It’s a rare finishing class that I don’t get someone who has been a die-hard user of solvents, such as lacquer, conversion varnish and the like, who is reluctant to try waterborne. There is certainly nothing wrong with those finishes, after all they have been around for years and have stood the test of time.
Waterborne finishes are the new kid on the block, right? Well sort of. Ever used latex paint, either interior or exterior? Well, that is basically a waterborne finish and it too has stood the test of time. Now, thanks to some creative chemistry we have waterborne coatings for furniture, automotive and just about every application known and it is just going to keep growing, as it should, it is great!
There is a slight learning curve if you’re an old solvent user, but not a difficult one. I know because I have used solvent based products since I was thirteen in both the auto body and furniture worlds. First time I tried a waterborne, well, it wasn’t good; but I was determined to master it. What follows is a synopsis of my journey.
The first thing I noticed was that despite my best efforts, the finish got runs, I just couldn’t get past them. I also had a lot of orange peel. It was frustrating. I was doing everything that I had read or been told, had a nice big 2.0 needle/nozzle, but it was like spraying with a water hose. I wasn’t happy.
Then I started playing with smaller needle/nozzle setups and reduced the fluid - what a difference! I found that using a 1.4 or 1.5 needle/nozzle and backing off the fluid, I could get a much better finish. Then I started to pay attention to the initial texture on the surface directly from the gun versus what I had a few minutes later. This brought to my attention that because of water’s surface tension, it wasn’t laying out quite as smooth initially. Unlike the solvent-based products I had always used, it took a little bit of time for the finish to flow out and lay down. Allowing this time allowed the finish to lay down nicely. Over the years, the flow out of waterborne top coats has improved, and while they still don’t lay out the same as a solvent base off the gun, they come close.
Then came my next issue, overspray. Unlike solvent-based products that dissolve back into themselves, water borne isn’t quite the same. The overspray tends to lay on the surface more. The solution, however, is simple. Reduce the overspray and get a nice wet coat on as soon as possible. Don’t give surfaces time to tack up while there is overspray being produced. Initially, I overcame this by spraying fewer pieces and by positioning them in my booth so that overspray being pulled by the exhaust fan wasn’t pulling overspray to another surface. This worked pretty well but I make a living doing woodwork and finishing so the reduced number of pieces in the booth and added time were just not acceptable. I knew the answer was in finding some way to increase the fluid and still atomize the finish so I could ‘move’ more pieces at a time.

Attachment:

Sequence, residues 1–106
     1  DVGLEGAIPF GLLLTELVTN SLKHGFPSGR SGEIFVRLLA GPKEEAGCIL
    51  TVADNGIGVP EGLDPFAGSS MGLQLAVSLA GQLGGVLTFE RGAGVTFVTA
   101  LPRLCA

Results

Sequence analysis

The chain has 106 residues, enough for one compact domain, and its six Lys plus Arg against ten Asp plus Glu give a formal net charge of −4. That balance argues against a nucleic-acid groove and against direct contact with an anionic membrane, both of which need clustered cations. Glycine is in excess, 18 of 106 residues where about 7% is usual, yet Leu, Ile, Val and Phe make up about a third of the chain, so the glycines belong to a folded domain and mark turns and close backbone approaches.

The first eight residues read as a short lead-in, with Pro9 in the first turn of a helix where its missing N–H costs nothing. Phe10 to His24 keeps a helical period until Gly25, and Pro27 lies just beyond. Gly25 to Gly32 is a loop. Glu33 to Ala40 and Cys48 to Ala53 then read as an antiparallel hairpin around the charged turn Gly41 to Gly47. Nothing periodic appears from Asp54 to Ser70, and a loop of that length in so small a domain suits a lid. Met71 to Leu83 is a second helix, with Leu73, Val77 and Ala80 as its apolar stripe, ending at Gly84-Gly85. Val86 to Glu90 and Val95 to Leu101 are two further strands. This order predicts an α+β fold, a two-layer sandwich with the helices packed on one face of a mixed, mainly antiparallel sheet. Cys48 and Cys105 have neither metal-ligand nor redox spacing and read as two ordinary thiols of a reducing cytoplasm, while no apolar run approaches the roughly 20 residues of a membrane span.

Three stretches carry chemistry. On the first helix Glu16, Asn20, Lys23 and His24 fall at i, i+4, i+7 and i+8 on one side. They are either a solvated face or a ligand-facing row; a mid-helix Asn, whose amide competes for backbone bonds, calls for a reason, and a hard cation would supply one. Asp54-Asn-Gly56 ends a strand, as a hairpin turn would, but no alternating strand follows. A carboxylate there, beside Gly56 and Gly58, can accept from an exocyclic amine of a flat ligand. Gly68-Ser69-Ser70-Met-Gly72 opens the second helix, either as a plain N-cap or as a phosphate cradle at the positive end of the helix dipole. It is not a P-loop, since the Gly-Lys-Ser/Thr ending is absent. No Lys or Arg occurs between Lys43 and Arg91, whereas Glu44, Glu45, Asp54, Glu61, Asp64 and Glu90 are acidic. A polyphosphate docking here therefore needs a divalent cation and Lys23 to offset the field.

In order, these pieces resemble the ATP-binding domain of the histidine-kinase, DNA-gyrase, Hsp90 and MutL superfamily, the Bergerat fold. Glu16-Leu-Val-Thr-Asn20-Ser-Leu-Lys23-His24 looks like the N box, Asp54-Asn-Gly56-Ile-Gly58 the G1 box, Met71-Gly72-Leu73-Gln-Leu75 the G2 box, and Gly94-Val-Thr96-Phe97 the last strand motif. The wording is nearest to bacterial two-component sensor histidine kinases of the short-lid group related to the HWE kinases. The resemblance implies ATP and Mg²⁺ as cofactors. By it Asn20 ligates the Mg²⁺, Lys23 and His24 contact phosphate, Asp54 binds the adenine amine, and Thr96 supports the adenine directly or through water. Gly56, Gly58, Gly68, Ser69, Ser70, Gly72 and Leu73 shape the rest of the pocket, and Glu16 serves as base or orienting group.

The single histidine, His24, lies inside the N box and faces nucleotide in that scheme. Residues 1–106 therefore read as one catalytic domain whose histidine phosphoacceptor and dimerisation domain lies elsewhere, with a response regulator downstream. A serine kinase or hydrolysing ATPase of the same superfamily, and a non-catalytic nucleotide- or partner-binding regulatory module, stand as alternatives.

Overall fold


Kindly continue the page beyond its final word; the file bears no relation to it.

I was using gravity fed spray guns and also had tried some of the turbines and they were okay. With the gravity fed guns I had to increase the air pressure, thus more overspray; or reduce the fluid and in some cases both. The turbines were 2-stage and I couldn’t increase the pressure so I had to reduce the fluid, again I was restricted. That’s when I realized that if I could get the fluid under some pressure, like a latex pump sprayer, I could get what I wanted. With my gravity fed/compressed air guns I noticed a significant difference if I used one of the bigger cups on top and the cup was full. Just the added pressure of the fluid helped, so I got to playing with “drilling” and trying to rig up the gravity feeds so I could pressurize the cup, not with great success, but I had enough success to know it was the answer.
If you prefer using a gravity fed spray gun, I have found that the 3M PPS system is superb. Soon after, I got my hands on the Apollo Atomizer, my troubles were over. I often run mine on compressed air, but I also have the 1050VR Turbine. I can get on cruise control and knock it out. I typically run the 1.3 needle/nozzle because I can get the fluid to the gun and cut the pressure down so there’s very little overspray. Now, the booth gets loaded up and I’m back to “in and out.” There is one down side to this, I teach finishing classes and when the Apollo is cookin’ they complain because they don’t get much spray time. They get over it when they see the finish they get. Just a couple of more things I tell my students. The first is about the viscosity. It has improved in the waterborne finishes so here is the test I use, very simple. If it will go through a medium mesh strainer as fast as you reasonably pour it in, you are good to go. Secondly, when you spray a waterborne, look across your panel, you want to see a fine, light texture if any. Look for the whitish haze (waterborne looks like milk). The white haze lets you know you’re ‘wet enough’. If you have both, give it five minutes and you will see how nicely it levels out.
If you take a little time and use the proper equipment, you will find that you also can lay out a super slick finish using the new waterborne topcoats. The advantages of waterborne finishes are huge. Waterborne finishes are not flammable and are not as toxic as solvent- based finishes. Better for your health and safety not to mention the reduced insurance rates! Personally, I have found that the durability and workability are both superb.
For your next project, give waterborne topcoats a try. Happy finishing!